Marlins In Hot Water With MLBPA Over Per Diems

We all know the Florida Marlins are well-known for their frugal nature, but it appears that the team is so cheap that they’re getting out of paying per diem money to rehabbing players because their spring training complex is so close to home.

Billy Marlin

(Pay for your own food, Billy)

Which then leads to this revelation: baseball players get per diem money? That’s right, even A-Rod, who pulls in a cool $27.5 million a year, gets an allowance on the road. I mean, you wouldn’t want these guys having to pay for their gentleman’s club outings on their own dime, right?

It’s hard to feel sorry for professional athletes not getting a petty allowance to pay for food and stuff, but according to the SOUTH FLORIDA SUN-SENTINEL the Marlins have repeatedly failed to adhere to the rules of the Collective Bargaining Agreement:

The Collective Bargaining Agreement specifies that disabled players not traveling on the road with the team should receive “the full allowance if he is residing at a hotel or motel in either the metropolitan area of the club, or one to which the player has gone at the request of the club.”

Part of the grievance stems from the Marlins giving injured players per diem only when the team is on the road and not at home.

The issue at hand is that the Marlins’ spring training complex, where players are usually sent to rehab injuries, is in Jupiter, which is about 85 miles north of Miami. The Marlins seem to think that when they’re playing games in Miami, that players rehabbing in Jupiter are “home” and thus not in need of a per diem. This basically saves the team from having to pay out per diems to injured players 81 times a year.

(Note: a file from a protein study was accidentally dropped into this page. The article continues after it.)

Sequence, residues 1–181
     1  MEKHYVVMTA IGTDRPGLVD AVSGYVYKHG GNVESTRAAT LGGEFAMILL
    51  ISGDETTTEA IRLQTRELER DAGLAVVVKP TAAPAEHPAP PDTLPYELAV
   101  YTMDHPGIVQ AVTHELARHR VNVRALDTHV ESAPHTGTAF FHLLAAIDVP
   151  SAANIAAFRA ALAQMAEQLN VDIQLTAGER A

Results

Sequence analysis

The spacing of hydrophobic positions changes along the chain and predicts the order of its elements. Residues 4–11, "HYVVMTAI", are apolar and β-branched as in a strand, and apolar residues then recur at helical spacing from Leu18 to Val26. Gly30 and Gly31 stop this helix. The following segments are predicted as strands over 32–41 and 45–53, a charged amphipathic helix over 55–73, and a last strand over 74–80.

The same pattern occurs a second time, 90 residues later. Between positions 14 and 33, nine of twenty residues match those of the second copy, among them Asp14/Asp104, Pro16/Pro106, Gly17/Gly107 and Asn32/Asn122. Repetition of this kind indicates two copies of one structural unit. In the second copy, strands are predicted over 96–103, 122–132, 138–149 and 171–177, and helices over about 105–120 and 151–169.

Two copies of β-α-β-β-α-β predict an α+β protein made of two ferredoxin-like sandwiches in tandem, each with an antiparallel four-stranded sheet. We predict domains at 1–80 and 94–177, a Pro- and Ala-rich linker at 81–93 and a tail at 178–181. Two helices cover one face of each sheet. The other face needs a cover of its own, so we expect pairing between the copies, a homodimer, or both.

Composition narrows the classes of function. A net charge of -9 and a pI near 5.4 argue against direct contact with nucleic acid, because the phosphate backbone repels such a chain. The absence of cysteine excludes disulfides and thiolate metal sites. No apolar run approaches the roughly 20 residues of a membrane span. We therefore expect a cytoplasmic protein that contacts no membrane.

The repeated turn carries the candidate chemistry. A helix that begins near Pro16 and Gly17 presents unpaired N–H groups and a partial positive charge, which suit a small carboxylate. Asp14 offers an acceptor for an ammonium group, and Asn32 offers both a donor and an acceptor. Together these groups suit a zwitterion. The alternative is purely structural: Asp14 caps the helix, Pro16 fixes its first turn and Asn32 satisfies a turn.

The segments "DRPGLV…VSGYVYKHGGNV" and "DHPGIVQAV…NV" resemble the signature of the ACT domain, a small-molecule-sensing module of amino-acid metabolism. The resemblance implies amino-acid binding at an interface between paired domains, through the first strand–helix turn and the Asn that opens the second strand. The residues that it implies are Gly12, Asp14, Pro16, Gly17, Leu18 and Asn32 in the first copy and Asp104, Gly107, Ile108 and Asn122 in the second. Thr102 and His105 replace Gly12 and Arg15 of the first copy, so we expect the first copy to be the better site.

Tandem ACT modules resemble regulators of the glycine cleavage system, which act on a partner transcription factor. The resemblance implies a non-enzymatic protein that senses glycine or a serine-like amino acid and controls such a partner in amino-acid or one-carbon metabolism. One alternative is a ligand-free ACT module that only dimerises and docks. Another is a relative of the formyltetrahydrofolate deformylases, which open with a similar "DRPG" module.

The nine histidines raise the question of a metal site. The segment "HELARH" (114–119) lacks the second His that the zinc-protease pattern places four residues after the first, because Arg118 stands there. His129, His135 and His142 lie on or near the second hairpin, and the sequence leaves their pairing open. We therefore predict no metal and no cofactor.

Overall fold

And while the Marlins do cover hotel stays for players in Jupiter, they don’t cover expenses for those who may be on an extended stay and decide to rent an apartment:

Another issue is housing expenses. The Marlins cover local hotel stays, but players who are facing a protracted rehab and decide to rent apartments in or near Jupiter do so on their own dime.

According to the CBA, disabled players “receive no allowance if he is residing at his in-season residence or permanent residence in the metropolitan area of the club, which residence is not a hotel or motel.”

So, it depends on what your definition of “metropolitan area” is. The Marlins seem to think that if you rent a place to live that’s 85 miles away, that equates to “living at home” and thus the team is under no obligation to pay the allowance.

I imagine that the Rays have taken advantage of this over the years, but they’ve had their spring training complex in St. Petersburg since the team’s inception, meaning that players rehabbing at their site can just live at home (the Rays are moving 85 miles away to Port Charlotte for spring training next year).

The players’ union has field a grievance, which could lead to the Marlins having to cough up more than $100,000 in back payments if they’re found guilty of bending the rules. And for them, that’s like a whole game’s worth of ticket revenue.